Perth - Fast bowling great Dennis Lillee has questioned the workrate of Australia's current crop of quicks after injury and fatigue sidelined several pacemen and said the group was lacking a "go-to man".
Speaking to the Australian Broadcasting Corporation during the third and deciding Test against South Africa in Perth, Lillee said the home team's fast bowling injury woes could be traced to their inadequate preparation.
Australia were forced to change all three of their frontline bowlers for Perth, with Peter Siddle and Ben Hilfenhaus both ruled out due to fatigue after the gruelling second Test in Adelaide.
James Pattinson has been sidelined for the rest of the summer with a side injury suffered in Adelaide - his fourth breakdown this year - with fellow young quick Pat Cummins also out with a back injury.
And all-rounder and Australian vice-captain Shane Watson missed the first two Tests of the series due to injury.
Lillee, who recovered from potentially career-ending back injuries to claim a then-record 355 Test wickets in 70 Tests for Australia, said current fast bowlers were not getting enough miles in their legs on the training track.
"If I had a squad of fast bowlers myself at the moment you can bet they would be doing a hell of a lot more running and pushing themselves into the deck a bit more," Lillee said.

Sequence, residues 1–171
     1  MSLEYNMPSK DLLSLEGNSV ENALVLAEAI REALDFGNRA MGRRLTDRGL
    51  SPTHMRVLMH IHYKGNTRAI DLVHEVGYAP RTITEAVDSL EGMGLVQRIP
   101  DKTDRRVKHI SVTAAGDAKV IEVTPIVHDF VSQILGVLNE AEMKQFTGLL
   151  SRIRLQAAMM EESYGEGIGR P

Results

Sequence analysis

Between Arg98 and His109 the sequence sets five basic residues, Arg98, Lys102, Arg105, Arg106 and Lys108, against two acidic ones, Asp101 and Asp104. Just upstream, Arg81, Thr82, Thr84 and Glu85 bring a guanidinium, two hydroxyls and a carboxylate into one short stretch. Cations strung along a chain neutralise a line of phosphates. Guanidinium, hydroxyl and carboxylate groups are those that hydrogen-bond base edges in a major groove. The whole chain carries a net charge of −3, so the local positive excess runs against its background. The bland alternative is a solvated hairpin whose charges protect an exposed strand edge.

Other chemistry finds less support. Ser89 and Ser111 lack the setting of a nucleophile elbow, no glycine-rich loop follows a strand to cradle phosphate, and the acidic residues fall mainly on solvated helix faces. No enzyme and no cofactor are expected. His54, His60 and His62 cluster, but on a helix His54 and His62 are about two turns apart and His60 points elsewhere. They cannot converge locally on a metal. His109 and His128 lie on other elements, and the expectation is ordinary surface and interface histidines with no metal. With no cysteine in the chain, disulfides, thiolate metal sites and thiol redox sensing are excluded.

"You don't stop running, running is your game, running is fast bowling. Obviously you've got to be able to bowl, but running is what gets you there.
"If you've got a good base there that's terrific, but you've got to keep that motor going and keep that fitness up during the season. I think that's where a lot probably do fall away."
Lillee, famously coached in his running style by sprinter and Australian Rules footballer Austin Robertson, said he never missed an opportunity to do extra work.
"I'd put the runners on and go for a run while guys were batting," he said.
"I'd have to bowl the next day but I'd still go for a five or six-kilometre run. I didn't do that once every 10 or 15 days, I did it regularly."
Lillee said he had been shocked by the absence of Siddle and Hilfenhaus for the third Test.
"I would've thought as a professional sportsman knowing what's coming up and what events you have, you'd prepare accordingly. You set yourself for a number of Tests in a period of time."
Speaking as South Africa's batsmen put the second-string Australian attack to the sword at the WACA Ground, Lillee said the home side were missing a spark-up player like Dale Steyn who had bowled the visitors back into the match.
"All great bowling attacks, perhaps look at Steyn, there is a go-to man," said Lillee.
"The go-to man is the man who can break it open, and who when it gets tight and you can't get a breakthrough, you go to that guy and he often comes through.
"This attack at the moment you probably can't say there is a go-to-man.
"They are all around the 135-140 (kmh) mark, there is not a guy like Steyn who can go up or down a gear."
Lillee nominated 22-year-old Pattinson, a veteran of just seven Tests, as the best long-term candidate for the role.
"I think Pattinson looks a very good prospect to me," he said.
"If he can stay fit and stay on the park, then he looks a bloody good prospect."